Thirdly, there is the amenities. Shelters are usually placed in strategic locations that offer easy access to a water supply. Water is important to any overnight hiker for cooking and drinking. The Thomas Knob Shelter features a pretty good water source about 300′ behind the shelter, down a little hill. The water source is surrounded by a simple wooden fence to keep the wild ponies away and help keep the water clean. The water source is a natural spring, but can get kinda shallow at times so you may need a water filter pump to fill your bottles. But to me the most important amenity is the nearby compost privy. The small privy is located in a thick bushy area near the shelter to afford you some privacy, and also features a small roof and half walls for further privacy. You won’t find any toilet paper here, but it’s just nice to actually have a place to sit when you need. A final amenity is common at most shelters, but still worth pointing out: a picnic table. It is a piece of comfort that should never be taken for granted on the AT, especially when a shelter is located four miles from the nearest highway (can you imagine carrying the lumber that far just to build a table?)
Fourth, there is the price. Guess what? You can’t beat free. All the shelters on the AT are free of charge for use by anyone. Sometimes thru-hikers will take advantage of hostels in the many trail towns which still don’t cost much (about $10-20 a night). But shelters are free. Despite the free use, there is something you need to keep in mind about trail etiquette: thru-hikers get priority. Many thru-hikers do not carry a tent or sleeping bag because even the best materials would weigh about 5-10 pounds for both, and these hikers want to keep their pack weight to a minimum. The shelters are located about 15 miles apart, which means a hiker will need to cover this much ground every day, regardless of the weather conditions. When they arrive at a shelter, if you have a tent you should be prepared to use it in lieu of a night under a solid roof.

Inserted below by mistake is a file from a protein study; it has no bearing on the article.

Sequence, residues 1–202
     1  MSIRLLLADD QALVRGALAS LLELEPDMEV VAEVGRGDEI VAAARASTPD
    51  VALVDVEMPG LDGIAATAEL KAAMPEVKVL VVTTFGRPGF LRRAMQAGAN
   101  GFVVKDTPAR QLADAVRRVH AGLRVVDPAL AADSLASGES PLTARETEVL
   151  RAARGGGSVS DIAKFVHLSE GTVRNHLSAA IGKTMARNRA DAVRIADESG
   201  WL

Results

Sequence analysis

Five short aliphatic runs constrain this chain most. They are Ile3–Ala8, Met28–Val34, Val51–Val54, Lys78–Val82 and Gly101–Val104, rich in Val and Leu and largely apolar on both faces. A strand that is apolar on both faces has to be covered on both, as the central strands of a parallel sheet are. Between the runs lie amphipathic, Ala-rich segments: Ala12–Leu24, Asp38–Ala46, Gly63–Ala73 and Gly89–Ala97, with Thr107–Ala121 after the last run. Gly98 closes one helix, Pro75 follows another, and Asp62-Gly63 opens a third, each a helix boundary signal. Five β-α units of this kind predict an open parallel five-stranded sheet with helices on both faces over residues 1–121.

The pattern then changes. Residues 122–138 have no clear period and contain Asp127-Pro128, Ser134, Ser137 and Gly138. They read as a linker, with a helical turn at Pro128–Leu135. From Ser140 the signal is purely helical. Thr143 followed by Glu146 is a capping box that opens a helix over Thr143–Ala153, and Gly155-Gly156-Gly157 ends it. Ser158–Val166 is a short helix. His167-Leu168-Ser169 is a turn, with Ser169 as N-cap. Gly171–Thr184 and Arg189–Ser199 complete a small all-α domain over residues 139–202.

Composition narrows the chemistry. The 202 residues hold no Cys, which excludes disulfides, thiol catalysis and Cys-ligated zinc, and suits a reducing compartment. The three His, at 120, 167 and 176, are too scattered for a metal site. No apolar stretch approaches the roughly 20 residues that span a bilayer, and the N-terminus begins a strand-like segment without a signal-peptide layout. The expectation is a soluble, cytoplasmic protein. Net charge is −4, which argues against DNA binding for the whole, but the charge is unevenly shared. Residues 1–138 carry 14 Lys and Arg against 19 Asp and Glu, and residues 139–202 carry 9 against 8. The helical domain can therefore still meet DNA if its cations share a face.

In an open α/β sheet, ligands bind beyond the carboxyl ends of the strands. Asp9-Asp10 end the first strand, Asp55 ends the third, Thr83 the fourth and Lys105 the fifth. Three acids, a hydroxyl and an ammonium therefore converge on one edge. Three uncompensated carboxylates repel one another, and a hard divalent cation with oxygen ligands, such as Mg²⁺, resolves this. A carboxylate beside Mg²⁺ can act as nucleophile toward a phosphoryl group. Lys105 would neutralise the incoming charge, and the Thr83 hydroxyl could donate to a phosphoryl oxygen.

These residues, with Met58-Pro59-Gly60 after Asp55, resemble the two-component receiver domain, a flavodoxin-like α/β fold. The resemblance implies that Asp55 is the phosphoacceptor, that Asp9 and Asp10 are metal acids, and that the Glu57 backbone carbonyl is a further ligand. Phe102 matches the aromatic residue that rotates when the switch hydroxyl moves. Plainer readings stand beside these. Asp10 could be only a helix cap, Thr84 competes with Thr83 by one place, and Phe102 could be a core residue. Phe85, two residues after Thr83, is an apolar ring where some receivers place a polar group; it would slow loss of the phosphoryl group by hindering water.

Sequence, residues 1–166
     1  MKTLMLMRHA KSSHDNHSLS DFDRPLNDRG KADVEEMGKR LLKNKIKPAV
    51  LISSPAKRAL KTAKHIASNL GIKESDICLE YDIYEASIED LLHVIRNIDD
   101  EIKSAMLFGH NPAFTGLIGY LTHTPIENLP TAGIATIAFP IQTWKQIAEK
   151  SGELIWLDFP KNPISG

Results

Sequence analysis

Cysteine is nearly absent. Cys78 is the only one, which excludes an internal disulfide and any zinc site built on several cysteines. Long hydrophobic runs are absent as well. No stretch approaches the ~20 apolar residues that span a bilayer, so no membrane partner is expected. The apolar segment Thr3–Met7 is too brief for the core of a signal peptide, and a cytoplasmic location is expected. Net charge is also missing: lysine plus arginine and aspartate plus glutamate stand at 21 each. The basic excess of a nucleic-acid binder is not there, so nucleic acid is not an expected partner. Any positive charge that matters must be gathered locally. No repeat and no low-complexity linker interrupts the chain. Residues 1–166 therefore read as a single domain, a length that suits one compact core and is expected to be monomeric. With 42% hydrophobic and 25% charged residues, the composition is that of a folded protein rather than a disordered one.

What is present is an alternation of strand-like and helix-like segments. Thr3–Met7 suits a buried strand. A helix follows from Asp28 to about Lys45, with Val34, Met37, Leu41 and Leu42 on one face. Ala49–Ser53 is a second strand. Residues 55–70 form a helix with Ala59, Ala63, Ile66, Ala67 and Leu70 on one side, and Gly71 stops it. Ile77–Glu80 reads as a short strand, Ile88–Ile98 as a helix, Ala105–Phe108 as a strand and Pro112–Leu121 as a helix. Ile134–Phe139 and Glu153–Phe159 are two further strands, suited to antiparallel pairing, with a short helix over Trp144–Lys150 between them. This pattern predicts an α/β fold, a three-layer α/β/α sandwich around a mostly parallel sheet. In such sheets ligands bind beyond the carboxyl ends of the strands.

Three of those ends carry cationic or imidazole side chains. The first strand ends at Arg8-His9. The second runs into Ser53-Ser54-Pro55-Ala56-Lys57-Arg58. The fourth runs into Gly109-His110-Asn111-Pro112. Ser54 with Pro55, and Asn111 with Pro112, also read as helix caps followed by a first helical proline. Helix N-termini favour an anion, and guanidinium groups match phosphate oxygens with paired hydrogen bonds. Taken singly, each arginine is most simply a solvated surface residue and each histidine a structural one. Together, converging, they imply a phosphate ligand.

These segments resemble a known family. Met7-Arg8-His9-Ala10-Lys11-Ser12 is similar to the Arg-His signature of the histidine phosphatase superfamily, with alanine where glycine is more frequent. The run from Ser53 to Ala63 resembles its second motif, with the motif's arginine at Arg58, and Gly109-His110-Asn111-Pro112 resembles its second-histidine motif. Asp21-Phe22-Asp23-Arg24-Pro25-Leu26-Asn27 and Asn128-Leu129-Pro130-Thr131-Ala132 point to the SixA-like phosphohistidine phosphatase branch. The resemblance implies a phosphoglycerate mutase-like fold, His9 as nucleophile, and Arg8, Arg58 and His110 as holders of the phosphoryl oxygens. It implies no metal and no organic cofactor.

Finally, there is the location. The Thomas Knob Shelter is located in one of the most beautiful sections of the Appalachian Trail in Southwest Virginia. It is located near the scenic Wilburn Ridge, a place that affords majestic views and chances to see roaming wild ponies. The shelter also sits a half mile from the base of Mount Rogers, the tallest mountain in Virginia. A short spur trail will take you to the summit in about an hour. But the best feature of the shelter is located just behind. A small climb gets you atop several large boulders with plenty of room to sit and an uninterrupted view to the west and southwest along dozens of mountain chains. It is one of the most beautiful views in the region which is what makes the full day-hike to this shelter worth every minute.
The Thomas Knob Shelter is a pretty good day-hike away from Grayson Highlands State Park, is fairly comfortable compared to most other shelters, features a few very important amenities for an overnight stay, is free to use, and is located in a great spot in Southwest Virginia. It’s not entirely easy hiking here, but if you’re up for a challenge and in fairly good shape it’s worth the hike out. Spend a night. Walk to the summit of Mount Rogers. Or, if you are a thru-hiker, you won’t be disappointed with a night at this shelter as you continue your trek north to the Wise Shelter or south to the Lost Mountain Shelter.